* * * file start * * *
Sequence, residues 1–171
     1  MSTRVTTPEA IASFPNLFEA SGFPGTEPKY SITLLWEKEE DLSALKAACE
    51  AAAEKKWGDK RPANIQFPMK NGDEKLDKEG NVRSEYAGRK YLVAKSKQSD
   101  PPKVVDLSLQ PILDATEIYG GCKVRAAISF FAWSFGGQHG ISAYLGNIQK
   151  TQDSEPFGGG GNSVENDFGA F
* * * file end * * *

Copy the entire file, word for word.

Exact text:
Sequence, residues 1–171
     1  MSTRVTTPEA IASFPNLFEA SGFPGTEPKY SITLLWEKEE DLSALKAACE
    51  AAAEKKWGDK RPANIQFPMK NGDEKLDKEG NVRSEYAGRK YLVAKSKQSD
   101  PPKVVDLSLQ PILDATEIYG GCKVRAAISF FAWSFGGQHG ISAYLGNIQK
   151  TQDSEPFGGG GNSVENDFGA F